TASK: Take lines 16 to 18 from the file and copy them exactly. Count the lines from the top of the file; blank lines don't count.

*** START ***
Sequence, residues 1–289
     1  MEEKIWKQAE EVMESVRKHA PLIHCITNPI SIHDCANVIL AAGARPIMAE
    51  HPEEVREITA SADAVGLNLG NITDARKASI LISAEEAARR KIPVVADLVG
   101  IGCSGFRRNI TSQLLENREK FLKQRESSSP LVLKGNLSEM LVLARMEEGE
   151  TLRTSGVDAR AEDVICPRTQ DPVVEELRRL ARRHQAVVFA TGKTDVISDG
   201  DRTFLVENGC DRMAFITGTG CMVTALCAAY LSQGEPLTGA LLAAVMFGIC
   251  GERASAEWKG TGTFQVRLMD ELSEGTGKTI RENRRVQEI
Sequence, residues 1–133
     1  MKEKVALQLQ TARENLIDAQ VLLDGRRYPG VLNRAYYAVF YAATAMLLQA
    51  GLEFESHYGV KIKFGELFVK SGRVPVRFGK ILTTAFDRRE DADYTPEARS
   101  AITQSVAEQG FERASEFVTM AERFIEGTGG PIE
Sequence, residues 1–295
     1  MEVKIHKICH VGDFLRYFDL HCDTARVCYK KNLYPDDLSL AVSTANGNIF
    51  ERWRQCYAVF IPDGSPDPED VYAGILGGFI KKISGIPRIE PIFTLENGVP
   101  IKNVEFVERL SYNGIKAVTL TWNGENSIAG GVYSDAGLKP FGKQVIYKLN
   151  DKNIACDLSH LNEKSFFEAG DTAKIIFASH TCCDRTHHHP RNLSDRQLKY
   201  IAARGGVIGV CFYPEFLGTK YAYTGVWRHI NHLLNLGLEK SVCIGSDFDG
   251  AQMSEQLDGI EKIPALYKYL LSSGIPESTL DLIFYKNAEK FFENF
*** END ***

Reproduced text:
   151  DKNIACDLSH LNEKSFFEAG DTAKIIFASH TCCDRTHHHP RNLSDRQLKY
   201  IAARGGVIGV CFYPEFLGTK YAYTGVWRHI NHLLNLGLEK SVCIGSDFDG
   251  AQMSEQLDGI EKIPALYKYL LSSGIPESTL DLIFYKNAEK FFENF